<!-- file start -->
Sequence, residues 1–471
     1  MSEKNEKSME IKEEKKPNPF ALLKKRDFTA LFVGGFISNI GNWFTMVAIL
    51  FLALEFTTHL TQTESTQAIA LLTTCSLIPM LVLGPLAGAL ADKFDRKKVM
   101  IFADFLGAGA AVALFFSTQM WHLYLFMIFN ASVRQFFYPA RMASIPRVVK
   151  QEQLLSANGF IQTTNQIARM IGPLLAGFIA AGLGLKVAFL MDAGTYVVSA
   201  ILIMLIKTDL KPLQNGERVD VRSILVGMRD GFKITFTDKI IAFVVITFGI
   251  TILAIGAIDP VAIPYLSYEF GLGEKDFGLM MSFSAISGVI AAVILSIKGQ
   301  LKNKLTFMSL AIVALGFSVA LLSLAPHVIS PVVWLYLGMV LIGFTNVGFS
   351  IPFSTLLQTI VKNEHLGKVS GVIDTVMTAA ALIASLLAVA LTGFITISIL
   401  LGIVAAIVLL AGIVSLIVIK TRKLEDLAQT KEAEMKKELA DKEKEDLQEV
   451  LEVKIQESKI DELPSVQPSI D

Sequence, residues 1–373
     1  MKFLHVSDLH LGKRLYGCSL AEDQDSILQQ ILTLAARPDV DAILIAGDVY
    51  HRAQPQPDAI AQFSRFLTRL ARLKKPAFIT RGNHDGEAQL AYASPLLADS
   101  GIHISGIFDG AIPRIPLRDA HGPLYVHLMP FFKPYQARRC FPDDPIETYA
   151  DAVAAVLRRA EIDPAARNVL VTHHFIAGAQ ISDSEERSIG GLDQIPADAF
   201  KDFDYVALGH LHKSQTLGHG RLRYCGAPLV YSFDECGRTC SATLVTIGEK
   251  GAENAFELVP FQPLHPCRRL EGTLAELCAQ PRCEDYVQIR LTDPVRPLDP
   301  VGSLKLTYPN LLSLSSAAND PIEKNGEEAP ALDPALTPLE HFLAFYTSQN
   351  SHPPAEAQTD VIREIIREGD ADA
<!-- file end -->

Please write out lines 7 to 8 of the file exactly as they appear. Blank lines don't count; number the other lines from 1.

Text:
   251  TILAIGAIDP VAIPYLSYEF GLGEKDFGLM MSFSAISGVI AAVILSIKGQ
   301  LKNKLTFMSL AIVALGFSVA LLSLAPHVIS PVVWLYLGMV LIGFTNVGFS